I have noticed that every time a great culture is built, there appears to be an opposite and equal reaction to greatness: entitlement. It seems to be human nature. If you give your kids a lot, they want more. I grew up with telephone party lines, with one line for up to five or six residences. There were times when you had to wait 1/2 hour to make a phone call. Now I get impatient with my cell phone provider when I get a dropped call and have to redial with the push of one button.
It used to take a winter to travel across this country on chuck wagons and horses. Now, as expectations have been raised, I find myself getting upset if a plane is thirty minutes late. Living in a great country, with world-class health care, education, law enforcement, and political systems seems only to increase our craving for more. Meet our needs with a high standard, and we raise the bar with a demand for more. I’ve seen the same dynamic in organizational cultures. The more the organization gives us what we want, the more entitled we feel. The best cultures I have worked with all experience the challenge of entitlement.
The reverse of this also seems true. My mother lived through the depression in a 900 square foot shack with ten siblings, enduring years of unimaginable poverty, and was void of entitlement. When she was close to death I asked her how she felt about dying. “After seventy-eight years, I accept death. I was fortunate just to have lived!” Joyce did not even feel entitled to life itself. Hard times are an ally in battling entitlement.
All the recent attention to building great cultures, empowering employees, and developing leadership capacity so people feel engaged seems to have unintentionally reinforced our love of entitlement. Living in great cultures has somehow fostered a belief that we have a right to get whatever we want without any obligations in return. Doing our own thing and expecting rights without service is self-serving. In the name of a great culture, we see people ask for such things as more pay, more freedom, greater recognition and privilege, more flex time or a risk-free environment without any reciprocating accountabilities.
This is simply wrong. Just because we are attempting to build cultures of trust that encourage you to find your authentic voice doesn’t mean you will get everything you ask for or have absolute security. Cultures of trust require a partnership, a commitment to a dialogue, not acts of concession. Accountable, authentic cultures of trust are based on reciprocal agreements. There are no licenses granted.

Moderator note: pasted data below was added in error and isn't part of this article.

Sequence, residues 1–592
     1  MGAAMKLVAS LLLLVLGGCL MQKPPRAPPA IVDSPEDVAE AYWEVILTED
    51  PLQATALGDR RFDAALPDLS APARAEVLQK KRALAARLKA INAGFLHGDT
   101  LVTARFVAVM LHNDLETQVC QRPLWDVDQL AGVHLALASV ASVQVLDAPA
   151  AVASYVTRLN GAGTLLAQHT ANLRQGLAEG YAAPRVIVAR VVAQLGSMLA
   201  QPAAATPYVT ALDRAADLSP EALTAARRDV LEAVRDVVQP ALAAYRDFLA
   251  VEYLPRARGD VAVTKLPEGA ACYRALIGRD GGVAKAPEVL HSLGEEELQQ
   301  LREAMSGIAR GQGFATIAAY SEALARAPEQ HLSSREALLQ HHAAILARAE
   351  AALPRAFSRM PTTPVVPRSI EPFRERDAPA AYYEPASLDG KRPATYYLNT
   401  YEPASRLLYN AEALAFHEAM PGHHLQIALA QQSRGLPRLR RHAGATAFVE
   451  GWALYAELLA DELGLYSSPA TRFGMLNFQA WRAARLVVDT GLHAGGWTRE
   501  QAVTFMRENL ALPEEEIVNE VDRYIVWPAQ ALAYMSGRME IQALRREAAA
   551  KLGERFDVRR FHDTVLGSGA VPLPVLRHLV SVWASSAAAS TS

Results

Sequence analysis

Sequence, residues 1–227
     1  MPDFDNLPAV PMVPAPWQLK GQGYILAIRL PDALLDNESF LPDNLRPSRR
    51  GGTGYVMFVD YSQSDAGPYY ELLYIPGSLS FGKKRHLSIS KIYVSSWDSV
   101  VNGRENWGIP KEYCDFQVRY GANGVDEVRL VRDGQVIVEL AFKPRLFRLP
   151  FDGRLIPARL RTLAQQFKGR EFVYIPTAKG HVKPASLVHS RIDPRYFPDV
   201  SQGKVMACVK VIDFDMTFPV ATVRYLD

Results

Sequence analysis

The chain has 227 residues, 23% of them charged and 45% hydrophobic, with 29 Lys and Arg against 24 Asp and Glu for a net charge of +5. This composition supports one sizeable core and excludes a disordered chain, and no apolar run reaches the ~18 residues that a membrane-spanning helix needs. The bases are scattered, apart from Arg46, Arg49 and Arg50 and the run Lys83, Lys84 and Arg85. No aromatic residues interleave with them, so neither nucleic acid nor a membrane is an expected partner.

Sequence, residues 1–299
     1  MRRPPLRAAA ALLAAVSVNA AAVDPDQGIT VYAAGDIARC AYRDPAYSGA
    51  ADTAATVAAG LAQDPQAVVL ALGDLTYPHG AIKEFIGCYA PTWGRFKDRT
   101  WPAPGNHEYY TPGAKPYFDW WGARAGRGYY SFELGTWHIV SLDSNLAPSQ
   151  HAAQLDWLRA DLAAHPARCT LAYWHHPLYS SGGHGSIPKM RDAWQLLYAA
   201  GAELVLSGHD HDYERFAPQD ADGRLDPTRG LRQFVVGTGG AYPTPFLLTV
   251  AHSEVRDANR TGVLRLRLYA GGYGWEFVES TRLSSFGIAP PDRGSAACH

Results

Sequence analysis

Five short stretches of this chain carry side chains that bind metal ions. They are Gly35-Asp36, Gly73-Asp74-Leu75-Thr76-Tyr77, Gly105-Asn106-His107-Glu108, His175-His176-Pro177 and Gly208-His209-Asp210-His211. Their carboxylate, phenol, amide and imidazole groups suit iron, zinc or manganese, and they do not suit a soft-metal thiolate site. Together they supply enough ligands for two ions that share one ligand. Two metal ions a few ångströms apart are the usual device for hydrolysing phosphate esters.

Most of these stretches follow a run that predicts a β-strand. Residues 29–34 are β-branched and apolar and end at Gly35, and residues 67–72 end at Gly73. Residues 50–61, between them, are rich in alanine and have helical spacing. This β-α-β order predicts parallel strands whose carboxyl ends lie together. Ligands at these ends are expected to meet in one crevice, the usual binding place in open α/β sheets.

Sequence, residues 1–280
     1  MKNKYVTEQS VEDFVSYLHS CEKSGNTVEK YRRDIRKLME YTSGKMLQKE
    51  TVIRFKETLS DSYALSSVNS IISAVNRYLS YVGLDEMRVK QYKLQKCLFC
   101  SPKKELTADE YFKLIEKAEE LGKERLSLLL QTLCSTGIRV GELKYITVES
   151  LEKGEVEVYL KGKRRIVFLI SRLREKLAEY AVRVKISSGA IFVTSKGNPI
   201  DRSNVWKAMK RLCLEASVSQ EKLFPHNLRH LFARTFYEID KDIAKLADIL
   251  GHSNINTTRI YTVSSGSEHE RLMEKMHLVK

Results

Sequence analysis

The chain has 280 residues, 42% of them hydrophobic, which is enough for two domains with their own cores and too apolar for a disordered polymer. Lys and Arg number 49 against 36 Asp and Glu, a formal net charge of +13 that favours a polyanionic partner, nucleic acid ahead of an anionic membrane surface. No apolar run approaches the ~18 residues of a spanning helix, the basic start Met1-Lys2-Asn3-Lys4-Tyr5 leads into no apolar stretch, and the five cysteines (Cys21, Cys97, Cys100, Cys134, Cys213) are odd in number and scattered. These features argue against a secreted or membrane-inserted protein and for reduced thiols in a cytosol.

At the heart of entitlement is the belief that “my wants are more important than the culture and the culture exists for my sake.” At some point each of us needs to grow up and discover that our self-interest is better served by doing good work than by getting good things. Entitlement also rests on the belief that something is owed us because of sacrifices we have made. In reality, entitlement claims rights that have not been earned. It diminishes self-respect and constrains our freedom. The only way to reclaim what we have lost to entitlement is through acts of commitment and service to an entity larger than ourselves – the culture we work and live in.
When you see entitlement in the culture you live or work in, there are four steps to counter it:
- See entitlement as a sign of growth and greatness. You won’t find much entitlement in poverty and highly bureaucratic systems that have been suppressed for years.
- Identify the value or values you want to replace entitlement (e.g. self responsibility, service to others, gratitude).
- Find the allies in your culture who live by the values you are committed to and support them to foster these values with others who trust them. Like parenting, you only influence the values of people with whom you have a strong, trusting relationship.
- Get the values you want to instill off the wall and into people’s hearts through conversations and clearly defined actions. Then make a promise to live and work in accord with these actions, while being open for ongoing feedback and learning. Then shine a light an actions that are self-responsible, committed to service, and exude gratitude. Tell the story. Keep the renewed values fresh, making it difficult to be entitled.
Thanks to Peter Block (Stewardship: Choosing Service Over Self-Interest, Berrett-Koehler Publishers) for his inspiration behind many of these insights.